How has the COVID19 pandemic changed you?

Mark Giebink

We hear a lot about how COVID 19 changed our circumstances – canceled events including significant life milestones, working from home, loss, toilet paper shortages, a dive in the stock market, virtual classrooms, etc. But I’m asking what has gone on inside you, not around you? In what specific ways has God gotten your attention through this unique time? How have you become a different person in your attitudes, desires and behavior?

Allow me to make some observations about our world and our own hearts that I’ve seen during this season.

We live in a time of gluttony. Yes, we have all-you-can-eat buffets, but I’m talking about much more than that. Almost all our appetites are out of control. We have bursting calendars – where kids and adults have something happening almost every night of the week. We are social gluttons –unable to take our eyes off our phones, constantly checking to see how many followers we have or what our friends are doing on Facebook or Instagram. Quantity overload has seeped into our leisure – we have hundreds of TV channels from which to choose in addition to Netflix, Hulu, and now Disney +. We used to simply go for coffee, now Starbucks boasts 80,000 ways to drink a beverage. Our spending is out of control too. “According to Experian’s 2019 Consumer Debt Study, total consumer debt in the U.S. is at $14.1 trillion, with Americans carrying an average personal debt of $90,460,” (Bankrate.com May 2020). We’ve also developed some out-of-control and unhealthy habits in how we spend time – $3075 is spent on porn every second and 25% of all search engine queries are associated with porn, as reported by Webroot, a cybersecurity company, in 2017. The Apostle Paul’s description of those ‘whose god is their appetite’ (Philippians 3;19) certainly seems to fit.

The problem with letting our appetites control our lives is that they can never be satisfied. We chase after more and more only to find ourselves increasingly empty. These distract us from what can truly satisfy. This is not a 21st Century problem. The Prophet Jeremiah, six centuries before Christ, poured out God’s heart regarding this common human condition –

My people have committed two sins: They have forsaken me, the spring of living water, and have dug their own cisterns, broken cisterns that cannot hold water. (2:13) Still an accurate picture of the human condition.

One of the strategies to defeat gluttony is the disciplines of restraint. These include neglected practices like fasting, silence and solitude. Through these, we train ourselves by ‘going without.’ Restraint can be soul-cleansing. As distractions are removed, we can often think more clearly or at least be more mindful. The volume of the world is turned down, so we can more clearly hear God’s voice. We appreciate what we have, instead of always wanting more. We are forced to face ourselves. We have nowhere to hide. Our needs and motives are exposed if we dare to look. We even make room for repentance.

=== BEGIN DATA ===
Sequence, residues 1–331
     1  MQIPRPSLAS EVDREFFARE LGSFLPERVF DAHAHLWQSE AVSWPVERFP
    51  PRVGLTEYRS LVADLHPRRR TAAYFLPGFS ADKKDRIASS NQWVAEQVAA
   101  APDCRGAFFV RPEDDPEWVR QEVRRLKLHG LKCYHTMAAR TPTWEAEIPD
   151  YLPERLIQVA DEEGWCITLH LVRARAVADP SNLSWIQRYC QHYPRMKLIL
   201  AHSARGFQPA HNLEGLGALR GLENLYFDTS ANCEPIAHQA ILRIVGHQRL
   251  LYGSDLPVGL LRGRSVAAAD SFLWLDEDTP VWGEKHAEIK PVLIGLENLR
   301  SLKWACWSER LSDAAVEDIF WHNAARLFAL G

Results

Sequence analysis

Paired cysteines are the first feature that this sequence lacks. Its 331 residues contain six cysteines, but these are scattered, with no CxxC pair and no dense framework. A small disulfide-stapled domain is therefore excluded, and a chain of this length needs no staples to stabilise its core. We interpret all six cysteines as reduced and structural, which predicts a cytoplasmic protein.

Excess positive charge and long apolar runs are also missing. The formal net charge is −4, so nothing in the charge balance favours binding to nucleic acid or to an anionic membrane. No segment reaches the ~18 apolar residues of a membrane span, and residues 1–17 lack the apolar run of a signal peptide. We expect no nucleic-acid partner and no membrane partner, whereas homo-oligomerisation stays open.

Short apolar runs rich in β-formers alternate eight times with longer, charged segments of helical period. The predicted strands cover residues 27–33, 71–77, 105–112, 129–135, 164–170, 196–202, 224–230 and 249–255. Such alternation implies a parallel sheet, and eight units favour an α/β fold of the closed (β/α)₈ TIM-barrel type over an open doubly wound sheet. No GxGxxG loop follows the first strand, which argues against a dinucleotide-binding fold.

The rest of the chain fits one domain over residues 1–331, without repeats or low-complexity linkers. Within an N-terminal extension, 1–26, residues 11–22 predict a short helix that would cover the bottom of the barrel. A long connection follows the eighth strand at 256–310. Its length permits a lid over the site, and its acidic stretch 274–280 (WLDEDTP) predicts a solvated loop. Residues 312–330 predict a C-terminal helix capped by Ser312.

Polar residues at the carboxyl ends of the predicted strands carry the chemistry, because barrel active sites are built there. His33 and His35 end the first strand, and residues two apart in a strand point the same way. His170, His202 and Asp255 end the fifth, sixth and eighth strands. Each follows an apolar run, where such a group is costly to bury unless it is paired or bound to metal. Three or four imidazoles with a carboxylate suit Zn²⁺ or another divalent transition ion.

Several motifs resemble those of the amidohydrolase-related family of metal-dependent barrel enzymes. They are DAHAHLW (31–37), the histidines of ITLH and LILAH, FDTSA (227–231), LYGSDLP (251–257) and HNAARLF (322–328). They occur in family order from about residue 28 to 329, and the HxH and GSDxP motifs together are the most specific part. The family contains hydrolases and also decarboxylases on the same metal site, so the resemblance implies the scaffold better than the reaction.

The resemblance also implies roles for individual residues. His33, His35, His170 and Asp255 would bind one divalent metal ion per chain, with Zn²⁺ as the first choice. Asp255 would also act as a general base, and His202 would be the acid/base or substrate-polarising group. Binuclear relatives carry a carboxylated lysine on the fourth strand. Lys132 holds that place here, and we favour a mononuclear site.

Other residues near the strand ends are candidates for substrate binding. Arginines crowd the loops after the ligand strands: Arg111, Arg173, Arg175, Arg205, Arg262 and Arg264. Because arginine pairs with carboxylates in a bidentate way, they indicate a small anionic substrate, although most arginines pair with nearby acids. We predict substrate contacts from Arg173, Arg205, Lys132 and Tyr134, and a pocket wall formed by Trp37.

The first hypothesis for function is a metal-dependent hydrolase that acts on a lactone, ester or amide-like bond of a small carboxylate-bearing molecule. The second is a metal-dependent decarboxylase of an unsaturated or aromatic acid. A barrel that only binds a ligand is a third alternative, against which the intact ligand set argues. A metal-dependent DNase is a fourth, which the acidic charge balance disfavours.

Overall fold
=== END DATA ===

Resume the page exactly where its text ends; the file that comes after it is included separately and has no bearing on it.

This pandemic has forced us to confront some of this excess. I’ve been interested to observe that the COVID19 pandemic has served as a global fast to some extent. Sheltering in place kept us home. Our calendars were wiped clean as nearly everything was closed or cancelled. Our freedoms were pinched. Our spending options were limited. A society accustomed to getting whatever we want whenever we want it, suddenly faced shortages, limits and restricted hours of business. In this way, the COVID crisis presented an opportunity to push pause, to hit re-set. Even if things were to return to ‘normal,’ I’m not convinced all of us would want that.

Sure, we found new ways to binge. Without Theaters or Professional sports to entertain us, Internet use soared by 70% according to some initial reporting by Forbes. And websites (not Apps) grew in popularity – Facebook.com +27%, Netflix.com +16% and YouTube.com +15.3%. Our work and social connections moved online with daily app sessions on Zoom (about 7.5 million), Google Classrooms (about 5 million) and Teams (over 2 million) (New York Times, The Virus Changed the Way We Internet, April 7, 2020 – data collected from SimilarWeb and Apptopia).

As social isolation fades, I hope we don’t lose sight of the most important connection. Moses, in the oldest Psalm written, says what I hope becomes a daily prayer for each of us. “Satisfy us in the morning with Your unfailing love, so we may sing for joy to the end of our lives.” (Psalm 90:14) I found this verse one day during COVID, when my joy levels were approaching empty. God lovingly reminded me that true joy is found only in seeking satisfaction in God’s unfailing love. George Müller, 19th Century Missionary Educator, said that his first task each day was to make his soul happy in the Lord. No wonder God used him in such mighty ways in the lives of orphans.

Whatever the ‘new normal’ is that we return to after this pandemic, I pray this ‘pandemic interruption’ will have not been wasted. I hope we are all changed. That we will allow this ‘global fast’ to do its work. That we don’t look back on this time as the year ‘March Madness’ was canceled, but the year God removed some of the ‘madness’ from our lives. God is our only certainty, and the only one who can satisfy our soul.